Becoming an Antiracist Educator
This action-oriented guide, produced by Wheaton College, offers antiracist resources for educators. The first half of these resources aid in personal reflection, with information about racism, whiteness, allyship, racial trauma, critical race theory, intersectionality, and impact. The second half of these resources are meant to help educators take action, from working to process their own biases to preparing for difficult classroom discussions, providing better feedback to students, and incorporating an antiracist pedagogy.
Inclusive Teaching Guide
This guide from the Columbia Center for Teaching and Learning offers strategies for teachers to “reflect on beliefs about teaching, and maximize self-awareness and commitment to inclusion,” including addressing personal biases and ensuring that interactions with students are inclusive and fair.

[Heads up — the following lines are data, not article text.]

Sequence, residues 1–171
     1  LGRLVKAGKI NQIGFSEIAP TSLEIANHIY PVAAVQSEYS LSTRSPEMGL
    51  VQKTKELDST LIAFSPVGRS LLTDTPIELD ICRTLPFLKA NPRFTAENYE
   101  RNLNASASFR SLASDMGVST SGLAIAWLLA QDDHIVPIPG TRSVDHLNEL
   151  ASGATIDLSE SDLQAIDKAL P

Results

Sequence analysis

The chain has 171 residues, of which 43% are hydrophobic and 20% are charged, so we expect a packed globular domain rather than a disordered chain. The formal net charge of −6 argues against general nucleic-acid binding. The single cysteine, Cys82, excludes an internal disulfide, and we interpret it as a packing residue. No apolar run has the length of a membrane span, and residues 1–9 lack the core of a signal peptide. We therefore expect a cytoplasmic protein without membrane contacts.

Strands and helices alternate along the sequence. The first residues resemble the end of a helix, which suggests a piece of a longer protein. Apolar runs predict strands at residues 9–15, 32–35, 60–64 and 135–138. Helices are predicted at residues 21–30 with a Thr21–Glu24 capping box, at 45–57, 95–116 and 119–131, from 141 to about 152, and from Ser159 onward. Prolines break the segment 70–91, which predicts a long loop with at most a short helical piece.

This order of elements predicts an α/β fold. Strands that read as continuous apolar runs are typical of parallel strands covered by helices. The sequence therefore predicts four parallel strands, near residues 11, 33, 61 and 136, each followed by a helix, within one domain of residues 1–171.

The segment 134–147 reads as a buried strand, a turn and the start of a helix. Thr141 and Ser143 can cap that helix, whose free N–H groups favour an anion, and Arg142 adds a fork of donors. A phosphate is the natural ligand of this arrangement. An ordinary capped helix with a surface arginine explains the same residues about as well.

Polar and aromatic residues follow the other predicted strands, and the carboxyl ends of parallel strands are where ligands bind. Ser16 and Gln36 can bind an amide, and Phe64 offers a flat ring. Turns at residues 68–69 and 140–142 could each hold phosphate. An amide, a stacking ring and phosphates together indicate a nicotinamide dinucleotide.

Institutionalized Racism: A Syllabus
This syllabus from JSTOR Daily offers articles about institutional racism alongside underlying scholarship, addressing American history, police brutality, and economic and educational disparities.
A project of the Southern Poverty Law Center, Teaching Tolerance provides free resources on anti-bias and social justice to educators working with children from kindergarten through high school.
We Need Diverse Books in the Classroom
We Need Diverse Books, an organization advocating for literature that reflects and honors the lives of all young people, provides free diverse books and author visits to schools around the country in an effort to address the literacy gap that affects marginalized youth.
Training Programs, Consultants & Workshops